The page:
As soon as the laughter erupted around me, I realized my error and was sorry for allowing my brain to shut off. But I did enjoy the laugh we all had together. *wink*
For those who don't know Espanol, let me interpret. I was counting, "Twenty-eight, twenty-nine, twenty-ten" I think Noemi's mom was trying to lessen my embarrassment by telling me Arturo (Noemi's eight-yer-old brother) used to do that, too. *face palm*

In addition to dinner, the evening consisted of a comedian/magician and a silly photo booth. And I loved the way it was put together because it made a situation fun and comfortable - which could otherwise have been filled with nerves. It was explained to us that many of the children would probably be quite nervous - and even shy - about meeting a stranger from so far away (And truth be told, many sponsors were feeling the same!) and we should not feel badly if we didn't "hit it off" right away.
But the combination of the entertainer and the photo booth lightened the mood perfectly and set the stage for a wonderful introduction. I remember laughing with Noemi during the magic show and thinking, These folks thought of everything! The people who put this evening - and this whole trip - together have covered every base to make sure it was a success.

And honestly? My expression that night about the dinner and tour perfectly sums up the way I came to feel about Compassion as a whole organization.
I mean, before the tour I thought Compassion was great. I admired the work they do. I wouldn't have been sponsoring children for the past eight or nine years if I didn't believe in what they were doing. But participating in this sponsor tour and seeing all the things I saw - learning so many things I didn't know I didn't know(!) - has increased my esteem for Compassion International a thousand times.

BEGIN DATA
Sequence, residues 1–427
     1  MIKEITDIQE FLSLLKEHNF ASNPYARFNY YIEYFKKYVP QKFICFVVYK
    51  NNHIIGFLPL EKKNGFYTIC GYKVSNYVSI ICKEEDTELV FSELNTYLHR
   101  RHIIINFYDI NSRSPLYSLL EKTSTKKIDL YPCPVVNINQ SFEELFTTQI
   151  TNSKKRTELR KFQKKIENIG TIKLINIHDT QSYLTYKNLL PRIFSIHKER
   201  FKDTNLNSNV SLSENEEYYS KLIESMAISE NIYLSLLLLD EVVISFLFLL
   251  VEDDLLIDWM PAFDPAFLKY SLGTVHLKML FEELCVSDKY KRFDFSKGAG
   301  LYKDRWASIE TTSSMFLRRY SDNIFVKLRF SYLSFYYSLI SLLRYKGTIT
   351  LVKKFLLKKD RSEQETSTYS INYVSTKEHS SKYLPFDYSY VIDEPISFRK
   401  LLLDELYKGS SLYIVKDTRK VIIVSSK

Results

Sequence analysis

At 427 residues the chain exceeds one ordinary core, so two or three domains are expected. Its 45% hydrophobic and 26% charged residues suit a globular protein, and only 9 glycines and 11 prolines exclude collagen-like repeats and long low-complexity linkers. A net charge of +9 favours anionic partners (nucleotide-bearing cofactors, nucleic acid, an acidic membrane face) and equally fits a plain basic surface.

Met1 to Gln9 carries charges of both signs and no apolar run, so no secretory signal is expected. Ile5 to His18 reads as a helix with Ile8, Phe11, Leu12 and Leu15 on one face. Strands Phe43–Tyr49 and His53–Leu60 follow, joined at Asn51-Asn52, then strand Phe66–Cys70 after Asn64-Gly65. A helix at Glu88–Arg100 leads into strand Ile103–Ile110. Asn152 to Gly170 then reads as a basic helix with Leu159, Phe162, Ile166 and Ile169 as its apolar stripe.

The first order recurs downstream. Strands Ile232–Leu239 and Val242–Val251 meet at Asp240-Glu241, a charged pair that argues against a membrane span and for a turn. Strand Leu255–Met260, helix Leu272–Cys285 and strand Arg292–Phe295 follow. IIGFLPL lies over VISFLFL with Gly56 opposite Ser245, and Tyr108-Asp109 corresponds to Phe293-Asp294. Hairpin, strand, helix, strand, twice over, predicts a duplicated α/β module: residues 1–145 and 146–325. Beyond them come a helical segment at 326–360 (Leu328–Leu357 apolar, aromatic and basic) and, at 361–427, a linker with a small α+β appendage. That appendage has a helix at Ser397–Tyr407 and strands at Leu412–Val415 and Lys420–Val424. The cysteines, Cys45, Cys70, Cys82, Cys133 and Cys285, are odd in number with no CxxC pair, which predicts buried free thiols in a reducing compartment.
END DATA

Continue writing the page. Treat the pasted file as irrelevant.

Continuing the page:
And that's why I'm blogging about my trip. Because I want let other people (you!) know what a great opportunity it is to reach out to "the least of these" by participating in Compassion's sponsorship programs.
I'll share about our "Fun Day" tomorrow, and wrap it up Wednesday with a vlog.


Friday, June 24, 2016

Compassion Trip, Report #3

During our second day in Riobamba, we visited - and learned a lot more about - the Child Development Sponsorship Program (CDSP).
We also learned at the beginning of the trip that Compassion is "big" on acronyms. *wink*
Compassion International partners with local churches around the world who reach out to children in poverty in their communities with practical help and the hope of the gospel. As we met with the pastor of the church which runs the Compassion center in Riobamba, I was overjoyed to hear his commitment to the children AND the gospel. He spoke of their church's mission to reach the families in the community for Christ, by first reaching their children with care.

That is - families in poverty will gladly allow their children to be helped by the church, and the church in turn invites the families to come and hear the good news of Jesus.
And that's why Compassion partners with local churches, instead of running the ministry themselves from afar: because the local church understands the community and its needs.